U.S., Russian ISS Crew Descends Safely to Earth


NASA astronaut, two Russian cosmonauts touchdown safely in Kazakhstan. Photo Credit: NASA TV  

Russia's 30 Soyuz mission spacecraft departed the International Space Station late Sunday, descending safely to Earth in Kazakhstan with three U.S. and Russia crew members.

The descent of the TMA-03M capsule under parachute ended a 125-day mission for NASA's Joe Acaba and  Gennady Padalka and Sergei Revin, of the Russian federal space agency Roscosmos, while bringing a a conclusion to the 32nd ISS Expedition.

Command of the ISS transitioned from Padalka to U. S. astronaut Sunita Williams, with the departure of the Soyuz capsule from the station's Russian segment Poisk module at 7:09 p.m., EDT.  Williams, a U. S. Navy Captain, becomes the second woman to assume command of the orbiting science laboratory.

In 2007, she established the current record of 195 days in space for a woman during her first space station assignment. Padalka departed after an unprecedented third command of the ISS.

Padalka, Acaba and Revin touched down aboard the Soyuz TMA-03M spacecraft north of Arkalyk in Kazakstan at 10:53 p.m., EDT, or 8:53 a.m., local time.

Williams remains aboard the station for the start of Expedition 33 with flight engineers Yuri Malenchenko of Russia, and Akihiko Hoshide of Japan.  They're scheduled to be joined by U. S. astronaut Kevin Ford and cosmonauts Oleg Novitskiy and Evgeny Tarelkin on Oct. 17, or two days after they lift off from the Baikonur Cosmodrome in Kazakhstan in the 32 mission Soyuz spacecraft.

The returning station crew's tour of duty was was marked by the first U.S. commercial re-supply mission,  carried out by the SpaceX Dragon in May,  and the August spacewalks by Padalka and Malenchenko and Williams and Hoshide. The Russian outing readied the station for the eventual arrival of Russia's Nauka multi-purpose science module.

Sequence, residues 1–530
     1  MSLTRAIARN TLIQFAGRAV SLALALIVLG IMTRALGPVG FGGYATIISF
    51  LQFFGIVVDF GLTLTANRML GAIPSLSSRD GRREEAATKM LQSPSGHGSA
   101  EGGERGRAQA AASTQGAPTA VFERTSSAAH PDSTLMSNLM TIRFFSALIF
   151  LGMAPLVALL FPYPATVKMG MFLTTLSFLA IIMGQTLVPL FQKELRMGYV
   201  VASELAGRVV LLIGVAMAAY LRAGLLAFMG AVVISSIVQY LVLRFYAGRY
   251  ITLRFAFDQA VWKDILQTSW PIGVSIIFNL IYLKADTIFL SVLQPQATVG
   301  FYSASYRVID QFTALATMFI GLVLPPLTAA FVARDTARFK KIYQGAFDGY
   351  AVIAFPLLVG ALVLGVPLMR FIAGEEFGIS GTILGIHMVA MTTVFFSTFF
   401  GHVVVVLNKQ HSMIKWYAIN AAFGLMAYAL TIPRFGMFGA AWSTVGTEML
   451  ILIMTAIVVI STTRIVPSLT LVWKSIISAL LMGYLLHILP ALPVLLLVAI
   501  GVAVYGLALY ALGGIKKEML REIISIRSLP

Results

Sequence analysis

The station crew also participated in,  or oversaw, more than 100 multi-national science experiments and engineering demonstrations.

Acaba, Padalka and Revin were greeted quickly after their landing by helicopter born Russian recovery forces and NASA medical personnel and managers.

They were to fly by Russian helicopter from the landing site to Kostanay. There, they were to split after resting and further medical checks.

Acaba was to board a NASA jet bound for Houston and NASA's Johnson Space Center. Padalka and Revin were to fly to Star City, Russia, aboard a second transport.

Please or Register to post comments.

What's On Space?

On Space

A Century of Aviation Week

Aviation Week & Space Technology is celebrating its 100th anniversary this year. In a series of blogs, our editors highlight editorial content from the magazine's long and rich history.


Aug 26, 2016

When Aviation Week Was Accused of Treason -- The Back Story Revealed 8

A 1957 revelation that the U.S. was tracking Soviet missile launches from a secret radar in Turkey has its roots in sleuthing of students from Kettering Grammar School in the UK....More
Aug 23, 2016

When Aviation Week Was Accused Of Treason 23

Aviation Week editors routinely get blowback when they write about sensitive topics, and the best example of that may be an October 1957 story that revealed the U.S. had been tracking Russian missile launches from advanced long-range radar units in Turkey....More
Blog Archive
Penton Corporate

Sponsored Introduction Continue on to (or wait seconds) ×